MPs and other officers of Parliament are giving themselves a $25-million office budget increase that will kick in as of April 1, 2016, CBC News has learned.
The 20 per cent increase to MPs' office budgets means each MP will be able to spend an additional $57,690 on top of the current budget of $288,450.
Multiply that by the 338 MPs that make up the House of Commons, and MPs' budgets alone jump by nearly $20 million to a new total of almost $117 million a year.
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Others are getting a boost to their office budgets as well. The Speaker of the House of Commons, House officers such as the deputy speakers and the offices of the party leaders, whips and caucus chairs are also in line for the increase.
- The Speaker will get an additional $193,029 for a new office budget total of $1,158,117.
- The Opposition leader's office gets an additional $725,581 for a new total of $4,353,487.
- The NDP will get an additional $337,487 for a new total of $2,024,870.
MPs who have to travel to conduct parliamentary business are able to charge travel expenses and that budget is getting an increase as well.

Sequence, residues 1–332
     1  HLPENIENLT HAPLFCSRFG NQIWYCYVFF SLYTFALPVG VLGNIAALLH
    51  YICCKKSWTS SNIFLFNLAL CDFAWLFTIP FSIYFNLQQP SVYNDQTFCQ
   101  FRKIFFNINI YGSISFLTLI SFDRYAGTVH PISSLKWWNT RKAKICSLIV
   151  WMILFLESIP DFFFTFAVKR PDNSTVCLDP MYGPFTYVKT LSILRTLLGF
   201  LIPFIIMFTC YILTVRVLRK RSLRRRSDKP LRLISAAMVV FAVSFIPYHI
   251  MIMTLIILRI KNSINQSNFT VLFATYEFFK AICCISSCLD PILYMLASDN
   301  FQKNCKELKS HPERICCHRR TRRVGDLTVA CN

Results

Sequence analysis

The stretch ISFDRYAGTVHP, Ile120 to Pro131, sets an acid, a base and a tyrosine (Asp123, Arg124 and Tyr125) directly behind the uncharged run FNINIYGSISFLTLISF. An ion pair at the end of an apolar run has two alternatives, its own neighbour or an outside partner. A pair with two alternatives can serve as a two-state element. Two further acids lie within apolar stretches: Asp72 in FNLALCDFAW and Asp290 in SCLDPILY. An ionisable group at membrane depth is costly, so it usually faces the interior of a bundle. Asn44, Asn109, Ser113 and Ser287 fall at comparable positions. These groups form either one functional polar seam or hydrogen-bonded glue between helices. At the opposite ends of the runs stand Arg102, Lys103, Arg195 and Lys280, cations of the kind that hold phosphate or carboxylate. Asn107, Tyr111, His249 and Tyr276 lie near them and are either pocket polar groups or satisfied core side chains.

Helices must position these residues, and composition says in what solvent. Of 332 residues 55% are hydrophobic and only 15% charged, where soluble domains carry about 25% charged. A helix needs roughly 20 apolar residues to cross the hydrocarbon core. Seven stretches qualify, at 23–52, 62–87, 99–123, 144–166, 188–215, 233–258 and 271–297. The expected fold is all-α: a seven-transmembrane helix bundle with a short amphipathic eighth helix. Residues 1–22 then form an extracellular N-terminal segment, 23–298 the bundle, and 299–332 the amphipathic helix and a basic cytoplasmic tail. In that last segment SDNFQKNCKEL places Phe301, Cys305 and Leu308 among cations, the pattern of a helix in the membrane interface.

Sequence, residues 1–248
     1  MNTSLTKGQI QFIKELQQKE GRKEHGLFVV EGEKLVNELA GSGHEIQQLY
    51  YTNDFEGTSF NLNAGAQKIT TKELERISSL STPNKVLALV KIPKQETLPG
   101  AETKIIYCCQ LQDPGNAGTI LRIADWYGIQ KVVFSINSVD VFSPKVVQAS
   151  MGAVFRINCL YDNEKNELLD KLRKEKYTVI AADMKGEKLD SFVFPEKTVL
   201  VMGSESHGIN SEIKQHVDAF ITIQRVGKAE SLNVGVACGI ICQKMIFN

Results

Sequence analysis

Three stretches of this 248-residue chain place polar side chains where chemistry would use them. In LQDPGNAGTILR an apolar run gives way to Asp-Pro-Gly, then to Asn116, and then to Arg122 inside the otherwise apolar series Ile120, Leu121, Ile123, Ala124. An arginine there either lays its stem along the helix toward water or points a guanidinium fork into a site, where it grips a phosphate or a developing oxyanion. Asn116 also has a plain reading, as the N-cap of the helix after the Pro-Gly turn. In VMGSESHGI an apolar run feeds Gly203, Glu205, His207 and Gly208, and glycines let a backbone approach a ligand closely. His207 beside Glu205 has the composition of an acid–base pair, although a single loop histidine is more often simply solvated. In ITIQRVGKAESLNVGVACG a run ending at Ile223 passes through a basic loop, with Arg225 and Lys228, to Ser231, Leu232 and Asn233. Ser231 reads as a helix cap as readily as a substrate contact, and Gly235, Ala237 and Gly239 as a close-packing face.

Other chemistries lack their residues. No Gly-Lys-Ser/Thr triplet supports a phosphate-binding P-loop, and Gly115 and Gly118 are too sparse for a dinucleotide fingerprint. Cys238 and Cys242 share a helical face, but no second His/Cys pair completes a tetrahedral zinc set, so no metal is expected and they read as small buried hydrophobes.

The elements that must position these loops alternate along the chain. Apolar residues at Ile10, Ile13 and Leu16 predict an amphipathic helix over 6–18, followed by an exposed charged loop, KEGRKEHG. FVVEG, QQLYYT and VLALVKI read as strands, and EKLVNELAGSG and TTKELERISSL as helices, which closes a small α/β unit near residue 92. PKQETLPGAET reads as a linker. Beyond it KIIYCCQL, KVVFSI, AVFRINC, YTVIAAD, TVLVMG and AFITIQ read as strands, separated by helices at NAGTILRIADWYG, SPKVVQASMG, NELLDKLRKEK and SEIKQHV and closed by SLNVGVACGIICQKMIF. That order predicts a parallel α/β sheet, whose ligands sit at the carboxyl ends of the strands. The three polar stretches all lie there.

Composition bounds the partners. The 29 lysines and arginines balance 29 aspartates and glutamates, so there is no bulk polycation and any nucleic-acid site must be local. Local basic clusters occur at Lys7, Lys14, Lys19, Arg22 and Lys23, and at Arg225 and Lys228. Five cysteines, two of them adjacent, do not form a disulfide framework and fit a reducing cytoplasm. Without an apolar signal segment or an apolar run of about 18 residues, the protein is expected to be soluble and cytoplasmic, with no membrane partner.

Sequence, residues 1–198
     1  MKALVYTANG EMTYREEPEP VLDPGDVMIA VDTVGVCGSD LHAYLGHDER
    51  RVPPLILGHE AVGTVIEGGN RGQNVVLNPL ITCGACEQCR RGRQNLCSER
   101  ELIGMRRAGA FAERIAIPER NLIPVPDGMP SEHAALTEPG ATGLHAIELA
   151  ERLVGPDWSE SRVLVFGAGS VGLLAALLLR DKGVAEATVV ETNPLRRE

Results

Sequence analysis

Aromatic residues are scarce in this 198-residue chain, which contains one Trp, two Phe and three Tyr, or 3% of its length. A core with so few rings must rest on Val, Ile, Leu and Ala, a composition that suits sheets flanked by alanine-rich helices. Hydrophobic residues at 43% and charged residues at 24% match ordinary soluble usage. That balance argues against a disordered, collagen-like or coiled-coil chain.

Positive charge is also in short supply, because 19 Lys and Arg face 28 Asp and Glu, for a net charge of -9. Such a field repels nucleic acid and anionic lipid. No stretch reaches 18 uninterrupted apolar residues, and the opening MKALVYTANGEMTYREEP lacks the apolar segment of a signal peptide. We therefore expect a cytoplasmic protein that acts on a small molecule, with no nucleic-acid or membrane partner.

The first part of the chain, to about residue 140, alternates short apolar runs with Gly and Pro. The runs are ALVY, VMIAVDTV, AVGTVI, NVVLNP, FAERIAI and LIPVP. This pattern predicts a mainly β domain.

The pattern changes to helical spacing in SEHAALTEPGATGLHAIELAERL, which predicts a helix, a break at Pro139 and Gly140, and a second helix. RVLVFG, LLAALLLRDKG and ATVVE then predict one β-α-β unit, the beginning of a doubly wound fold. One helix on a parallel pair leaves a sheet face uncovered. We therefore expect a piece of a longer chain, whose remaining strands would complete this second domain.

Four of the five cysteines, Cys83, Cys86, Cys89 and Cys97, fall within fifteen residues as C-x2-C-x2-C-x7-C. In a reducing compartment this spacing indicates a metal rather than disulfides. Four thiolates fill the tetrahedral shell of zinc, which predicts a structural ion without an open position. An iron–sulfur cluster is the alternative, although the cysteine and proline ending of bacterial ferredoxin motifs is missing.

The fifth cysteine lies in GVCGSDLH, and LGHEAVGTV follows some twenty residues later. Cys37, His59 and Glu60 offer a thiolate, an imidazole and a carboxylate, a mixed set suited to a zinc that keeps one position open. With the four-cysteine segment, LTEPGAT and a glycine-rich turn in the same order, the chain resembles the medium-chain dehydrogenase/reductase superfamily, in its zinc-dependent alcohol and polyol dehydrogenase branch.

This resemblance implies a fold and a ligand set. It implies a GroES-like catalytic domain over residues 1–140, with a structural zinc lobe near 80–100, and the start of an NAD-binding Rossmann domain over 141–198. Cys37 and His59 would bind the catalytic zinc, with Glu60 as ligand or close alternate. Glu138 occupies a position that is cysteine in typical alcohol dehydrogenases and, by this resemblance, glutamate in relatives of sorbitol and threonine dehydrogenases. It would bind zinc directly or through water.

The travel budget maximum jumps five per cent from a maximum of $28,600 per MP to a new total of $30,000 per MP.
The decision on the budget increases was made in a Dec.10 meeting of the secretive Board of Internal Economy, the governing body for the House of Commons that also controls the spending for Parliament.
Budgets frozen since 2010-11
The board consists of the Speaker, Geoff Regan, who acts as chair, two members of the Privy Council, the leader of the Opposition and additional MPs in numbers that reflect the overall composition of the House of Commons.
These office budgets can be spent at the discretion of the MPs, or officers of Parliament, providing they follow the rules that govern what is a permitted expense.
Typically these budgets are used to hire staff, conduct research and pay for language training, translation services and the general running of the relevant offices.
All of these budgets have been frozen since 2010-11. A government official speaking on background told CBC News that the coming increase puts the office budgets about where they would have been had they never been frozen.
The official says the increase was made to allow MPs to better serve their constituents.